Recently we imported Google’s new US$35 Chromecast dongle that plugs into an HDMI port on the back of a TV and lets you stream audio and video content from the internet, controlling it from an Android/iOS phone or tablet or a home computer.
It installed very easily and is a cinch to use. Unfortunately in New Zealand effectively there are only a couple of things we can do with it. We can play YouTube videos or listen to Google’s Play Music service.
Well…I could stream whatever is on my laptop’s Chrome browser. That doesn’t interest me.
If this was America, I’d use Chromecast to very cheaply stream video content via Netflix and Hulu Plus. Serious stuff: up-to-date films and TV series. Regrettably those services aren’t available in New Zealand, partly thanks to the blocking activities of New Zealand’s Sky TV monopoly.
It’s a rights and licensing problem. There are backdoor ways of getting Netflix here, but Sky TV recently used lawyers to prevent the National Business Review from linking to an Eric Crampton blog post that described how to do it. (Yes, I could make it work, but it’s more hassle than I can be bothered with. I’d have to bring my laptop into the TV room to operate it and spend quite a bit of money on a VPN proxy service that would make my computer appear to be American.)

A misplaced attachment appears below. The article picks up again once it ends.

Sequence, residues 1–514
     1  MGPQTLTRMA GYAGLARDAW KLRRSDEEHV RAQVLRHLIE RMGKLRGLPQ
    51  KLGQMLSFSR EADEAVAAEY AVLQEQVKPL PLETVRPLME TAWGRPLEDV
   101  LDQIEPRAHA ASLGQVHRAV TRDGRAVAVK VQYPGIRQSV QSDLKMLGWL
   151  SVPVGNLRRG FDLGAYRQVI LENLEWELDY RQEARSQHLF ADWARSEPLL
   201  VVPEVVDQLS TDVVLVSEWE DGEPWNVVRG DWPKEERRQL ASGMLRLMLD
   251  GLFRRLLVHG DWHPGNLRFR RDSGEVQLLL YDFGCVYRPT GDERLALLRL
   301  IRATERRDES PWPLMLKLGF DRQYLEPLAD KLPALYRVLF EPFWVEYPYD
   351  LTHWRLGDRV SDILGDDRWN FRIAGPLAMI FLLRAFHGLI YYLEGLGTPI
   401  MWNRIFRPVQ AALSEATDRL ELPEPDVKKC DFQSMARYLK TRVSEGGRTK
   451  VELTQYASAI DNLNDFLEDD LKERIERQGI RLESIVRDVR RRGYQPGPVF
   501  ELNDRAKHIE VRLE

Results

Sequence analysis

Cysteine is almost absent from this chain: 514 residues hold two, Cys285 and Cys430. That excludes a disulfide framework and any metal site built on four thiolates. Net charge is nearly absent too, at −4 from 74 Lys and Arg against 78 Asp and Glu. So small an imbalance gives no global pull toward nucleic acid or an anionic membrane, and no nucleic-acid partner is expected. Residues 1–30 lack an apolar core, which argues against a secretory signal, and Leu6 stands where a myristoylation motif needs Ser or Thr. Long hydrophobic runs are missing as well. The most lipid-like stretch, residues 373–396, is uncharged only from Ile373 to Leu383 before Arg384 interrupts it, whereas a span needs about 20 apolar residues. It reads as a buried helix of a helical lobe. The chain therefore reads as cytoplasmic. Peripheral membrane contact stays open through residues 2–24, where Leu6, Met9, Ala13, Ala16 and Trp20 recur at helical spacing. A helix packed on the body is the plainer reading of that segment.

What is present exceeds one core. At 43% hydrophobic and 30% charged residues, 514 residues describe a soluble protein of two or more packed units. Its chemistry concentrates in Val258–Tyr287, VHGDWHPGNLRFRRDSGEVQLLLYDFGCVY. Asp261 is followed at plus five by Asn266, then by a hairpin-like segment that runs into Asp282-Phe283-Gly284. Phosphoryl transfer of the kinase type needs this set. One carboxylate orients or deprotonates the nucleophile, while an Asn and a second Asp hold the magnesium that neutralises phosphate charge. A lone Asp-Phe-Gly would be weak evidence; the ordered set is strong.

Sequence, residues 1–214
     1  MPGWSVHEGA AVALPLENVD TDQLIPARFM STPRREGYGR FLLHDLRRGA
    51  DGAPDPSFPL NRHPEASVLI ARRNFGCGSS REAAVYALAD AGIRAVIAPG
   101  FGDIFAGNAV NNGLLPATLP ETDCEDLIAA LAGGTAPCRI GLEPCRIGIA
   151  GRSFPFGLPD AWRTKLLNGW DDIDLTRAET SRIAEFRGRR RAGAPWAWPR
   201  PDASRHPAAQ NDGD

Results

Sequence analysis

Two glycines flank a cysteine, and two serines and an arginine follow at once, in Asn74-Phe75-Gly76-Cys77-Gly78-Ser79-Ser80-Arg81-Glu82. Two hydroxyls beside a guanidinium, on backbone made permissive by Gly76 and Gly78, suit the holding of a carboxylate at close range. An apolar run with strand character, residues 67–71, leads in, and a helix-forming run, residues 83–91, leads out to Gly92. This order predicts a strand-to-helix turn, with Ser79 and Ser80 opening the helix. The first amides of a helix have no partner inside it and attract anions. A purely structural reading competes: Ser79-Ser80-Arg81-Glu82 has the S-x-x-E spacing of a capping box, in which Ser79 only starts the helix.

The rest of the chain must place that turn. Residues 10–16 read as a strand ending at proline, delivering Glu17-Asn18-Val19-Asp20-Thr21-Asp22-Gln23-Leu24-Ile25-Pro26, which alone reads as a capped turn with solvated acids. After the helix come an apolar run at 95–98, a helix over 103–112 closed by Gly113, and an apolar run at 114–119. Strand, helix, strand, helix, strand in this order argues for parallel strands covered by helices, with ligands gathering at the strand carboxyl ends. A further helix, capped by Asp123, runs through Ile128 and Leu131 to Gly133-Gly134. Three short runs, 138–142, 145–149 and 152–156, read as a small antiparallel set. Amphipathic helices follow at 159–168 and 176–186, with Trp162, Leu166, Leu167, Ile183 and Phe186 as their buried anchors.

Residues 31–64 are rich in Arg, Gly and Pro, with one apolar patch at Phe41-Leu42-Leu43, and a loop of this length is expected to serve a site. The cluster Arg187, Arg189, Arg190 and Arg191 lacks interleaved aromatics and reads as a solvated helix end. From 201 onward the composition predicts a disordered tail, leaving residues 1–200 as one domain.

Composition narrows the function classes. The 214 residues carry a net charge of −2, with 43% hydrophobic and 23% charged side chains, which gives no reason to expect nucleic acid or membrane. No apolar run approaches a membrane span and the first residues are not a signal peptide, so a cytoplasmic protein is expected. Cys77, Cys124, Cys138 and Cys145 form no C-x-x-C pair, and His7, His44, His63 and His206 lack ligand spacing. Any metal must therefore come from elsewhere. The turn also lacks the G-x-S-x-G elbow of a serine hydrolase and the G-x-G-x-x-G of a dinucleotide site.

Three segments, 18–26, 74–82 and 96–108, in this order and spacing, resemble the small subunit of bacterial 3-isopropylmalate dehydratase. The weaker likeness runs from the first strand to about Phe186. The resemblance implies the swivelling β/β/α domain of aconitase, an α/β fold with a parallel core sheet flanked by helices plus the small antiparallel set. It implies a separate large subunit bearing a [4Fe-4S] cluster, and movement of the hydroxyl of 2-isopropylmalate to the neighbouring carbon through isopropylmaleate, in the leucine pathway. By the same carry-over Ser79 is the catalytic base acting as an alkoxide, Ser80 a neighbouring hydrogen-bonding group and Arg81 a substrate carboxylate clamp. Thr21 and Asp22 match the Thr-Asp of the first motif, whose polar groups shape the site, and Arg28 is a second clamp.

Google claims to be negotiating with other organisations, including my music fave Pandora, to make their services available on Chromecast. I bet the company is in no hurry to cut such deals. Pandora, for instance, would compete with Google’s own Play Music, which must be getting a huge boost from the top-selling dongle.
At the moment I’m on a month’s free trial of the Play Music service and have yet to decide whether to pay NZ$13 a month to keep it going. It will be hard to resist though, because it is excellent – certainly as good as Spotify, currently the standard bearer for streaming music. And it sounds really good through my Sony Home Theatre.
In the meantime, just being able to stream YouTube has justified the Chromecast purchase. We’re having a lot of fun sending YouTube to our TV. It’s as easy as watching YouTube on our mobile devices. We could already get YouTube on our internet-enabled TV, but operating the internet with a TV remote is hopeless.
For the first time I’m seriously digging into YouTube’s offerings and finding some of them are better than the usual trivia links would have you believe.
Not that there’s anything wrong with cat videos in moderation. Last night we succumbed to the feline siren call and Chino watched too: